- Learn how your emotional patterns influence how you cope with setbacks and conflicts.
- Learn to catch yourself responding emotionally.
“My advisor made some critical comments about my dissertation the other day. I was so upset I could not focus the rest of the day.”
“I had the worst day at the lab. Everything seemed to be going wrong. I blew up at my partner when I got home and started a huge fight.”
What are Emotional Styles?
How do you react to criticism from an advisor? Are you likely to become hurt and ruminate over the feedback, like the student quoted above? Do you often say or do something in the heat of the moment only to regret your behavior later? We all let our emotions get the best of us from time to time, and we also all vary in our typical emotional reactions to different situations.
We use the term emotional styles to refer to individual patterns of responding emotionally to life stressors.1
For example, when it comes to dealing with negative feelings do you:
- Become engulfed by your emotions, allowing yourself to spiral out of control?
- Accept negative emotions, but do nothing to change them?
- Acknowledge your negative emotions and their source, and act to change things for the better?
Where Does My Emotional Style Come From?
The way we were raised and our unique cultural contexts probably influence our emotional styles.2,3 For example, some cultures or families value emotional restraint, whereas other cultures value emotional expression. Your emotional style is also related to your emotional intelligence (EI).4
EI refers to your ability to:
- Notice what you are feeling, and tell the difference between your emotions
- Express (appropriately) how you are feeling
- Understand the source of your emotions
- Notice and understand emotions in others
- Control your emotional reaction
- Use this emotional knowledge and control to help navigate your life
Why are Emotional Styles Important?
Knowing the feeling is present: Pay attention to your personal cues.
- Why am I getting all sweaty? Did someone just turn up the heat in here?
Acknowledging the feeling: Recognize that your body and/or mind is telling you something important.
- OK, I don’t think it’s the thermostat — I’m having a reaction to something …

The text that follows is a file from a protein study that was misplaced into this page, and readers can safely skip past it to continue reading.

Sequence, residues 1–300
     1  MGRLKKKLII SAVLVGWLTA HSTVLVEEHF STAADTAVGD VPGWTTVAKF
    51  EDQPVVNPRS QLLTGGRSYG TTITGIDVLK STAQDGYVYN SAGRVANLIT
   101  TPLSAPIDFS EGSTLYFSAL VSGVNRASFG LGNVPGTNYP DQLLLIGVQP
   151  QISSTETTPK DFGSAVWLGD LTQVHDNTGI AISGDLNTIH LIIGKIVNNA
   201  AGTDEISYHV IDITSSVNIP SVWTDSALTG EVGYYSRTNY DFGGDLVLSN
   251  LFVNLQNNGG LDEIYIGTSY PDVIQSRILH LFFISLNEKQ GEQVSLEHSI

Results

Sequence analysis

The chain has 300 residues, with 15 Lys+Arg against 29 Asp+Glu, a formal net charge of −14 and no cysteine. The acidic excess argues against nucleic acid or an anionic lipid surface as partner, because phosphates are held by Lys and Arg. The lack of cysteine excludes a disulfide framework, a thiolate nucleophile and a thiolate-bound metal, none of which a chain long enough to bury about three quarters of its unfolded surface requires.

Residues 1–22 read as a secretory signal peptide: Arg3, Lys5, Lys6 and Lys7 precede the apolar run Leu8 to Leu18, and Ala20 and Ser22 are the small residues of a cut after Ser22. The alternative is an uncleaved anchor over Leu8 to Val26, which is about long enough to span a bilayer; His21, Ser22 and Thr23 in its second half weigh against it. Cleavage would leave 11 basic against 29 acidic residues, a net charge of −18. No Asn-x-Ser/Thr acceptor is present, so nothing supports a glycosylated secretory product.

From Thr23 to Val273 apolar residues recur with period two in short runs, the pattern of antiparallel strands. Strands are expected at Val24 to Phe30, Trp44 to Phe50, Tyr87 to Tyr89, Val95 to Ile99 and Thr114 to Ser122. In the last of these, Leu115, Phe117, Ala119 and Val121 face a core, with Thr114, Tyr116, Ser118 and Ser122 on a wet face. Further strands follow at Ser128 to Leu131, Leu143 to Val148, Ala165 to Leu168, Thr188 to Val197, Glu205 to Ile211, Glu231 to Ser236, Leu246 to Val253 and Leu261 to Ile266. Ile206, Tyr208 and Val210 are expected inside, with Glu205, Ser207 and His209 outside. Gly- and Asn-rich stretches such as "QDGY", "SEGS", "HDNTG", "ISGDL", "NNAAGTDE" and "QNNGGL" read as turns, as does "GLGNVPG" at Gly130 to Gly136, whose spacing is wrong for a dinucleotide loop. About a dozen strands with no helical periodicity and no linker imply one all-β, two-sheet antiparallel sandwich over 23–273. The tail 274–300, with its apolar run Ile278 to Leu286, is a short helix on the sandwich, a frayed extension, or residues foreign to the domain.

Identifying the feeling: Label this feeling.
- I am breaking out in a sweat because I’m really nervous.
Accepting the feeling: Realize that this feeling has a purpose — it’s not bad, rather it’s a messenger.
- I feel nervous but that’s OK, I’ll take five deep breaths and relax and then think about why I’m feeling this way.
Reflecting on the feeling: Take a moment to understand why you are feeling the way you do.
- I’m nervous because I’m dreading telling my labmates that the bacteria samples are spoiled.
Forecasting the feeling: Project the future with a positive outlook.
- It’ll be OK and I don’t have to be nervous about breaking the news because it wasn’t anyone’s fault. We’ll just have to request that the lab send new ones.
Reflections: Emotional awareness
Test your beliefs on Emotional Awareness: True or False
- Being emotionally aware takes a lot of time and energy. ___
- Emotional awareness is connected to feeling happier and being more successful in your chosen endeavors. ___
- Being emotionally aware can foster better mental and physical health. ___
- Emotional awareness is not connected to academic success because it deals primarily with feelings. ___
- If I am more emotionally aware, I will also be more sensitive and attentive to the feelings of others. ___
Out of these 5, only #1 and #4 are FALSE. The others are true.
This exercise is important because your perceptions of things influence how you respond. Buying into emotional awareness is important because it entails commitment to this process.
Instead of being impulsive, or going from nervous to full-blown anxiety, emotional awareness entails taking a moment to stop and think.
Although this is a multi-step process, once you believe in its benefits, you can do it in real time or as an emotion is creeping up. It takes about a minute.
How Thoughts and Feelings are Connected
Your thinking habits also play a major role in how you respond emotionally and behaviorally. How you view a problem — especially whether you view it as controllable — impacts how you feel about it, and what you choose to do about it. 4 (see How You Think)
|Example 1:||These students are bored stiff with my teaching. I'm going to get a terrible evaluation.||embarrassed, self-conscious||become flustered, lose train of thought||students become more disengaged|